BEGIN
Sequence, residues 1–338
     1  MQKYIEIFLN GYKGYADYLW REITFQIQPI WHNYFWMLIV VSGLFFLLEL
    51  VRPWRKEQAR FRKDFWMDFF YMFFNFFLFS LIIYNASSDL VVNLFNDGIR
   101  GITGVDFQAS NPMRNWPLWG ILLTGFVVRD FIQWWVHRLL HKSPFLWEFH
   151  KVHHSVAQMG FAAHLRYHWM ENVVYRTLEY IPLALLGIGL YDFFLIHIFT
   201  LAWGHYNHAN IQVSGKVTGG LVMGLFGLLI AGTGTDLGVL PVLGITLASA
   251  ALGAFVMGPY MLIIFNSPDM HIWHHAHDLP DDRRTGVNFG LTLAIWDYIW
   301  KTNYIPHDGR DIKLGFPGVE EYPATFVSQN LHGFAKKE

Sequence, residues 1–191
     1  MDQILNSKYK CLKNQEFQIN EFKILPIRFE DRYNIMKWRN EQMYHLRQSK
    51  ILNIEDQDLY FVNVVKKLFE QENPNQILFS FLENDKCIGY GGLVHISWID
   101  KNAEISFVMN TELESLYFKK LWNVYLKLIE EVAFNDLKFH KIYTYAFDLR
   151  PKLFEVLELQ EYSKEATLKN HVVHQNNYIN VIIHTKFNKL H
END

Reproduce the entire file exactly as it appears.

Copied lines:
Sequence, residues 1–338
     1  MQKYIEIFLN GYKGYADYLW REITFQIQPI WHNYFWMLIV VSGLFFLLEL
    51  VRPWRKEQAR FRKDFWMDFF YMFFNFFLFS LIIYNASSDL VVNLFNDGIR
   101  GITGVDFQAS NPMRNWPLWG ILLTGFVVRD FIQWWVHRLL HKSPFLWEFH
   151  KVHHSVAQMG FAAHLRYHWM ENVVYRTLEY IPLALLGIGL YDFFLIHIFT
   201  LAWGHYNHAN IQVSGKVTGG LVMGLFGLLI AGTGTDLGVL PVLGITLASA
   251  ALGAFVMGPY MLIIFNSPDM HIWHHAHDLP DDRRTGVNFG LTLAIWDYIW
   301  KTNYIPHDGR DIKLGFPGVE EYPATFVSQN LHGFAKKE

Sequence, residues 1–191
     1  MDQILNSKYK CLKNQEFQIN EFKILPIRFE DRYNIMKWRN EQMYHLRQSK
    51  ILNIEDQDLY FVNVVKKLFE QENPNQILFS FLENDKCIGY GGLVHISWID
   101  KNAEISFVMN TELESLYFKK LWNVYLKLIE EVAFNDLKFH KIYTYAFDLR
   151  PKLFEVLELQ EYSKEATLKN HVVHQNNYIN VIIHTKFNKL H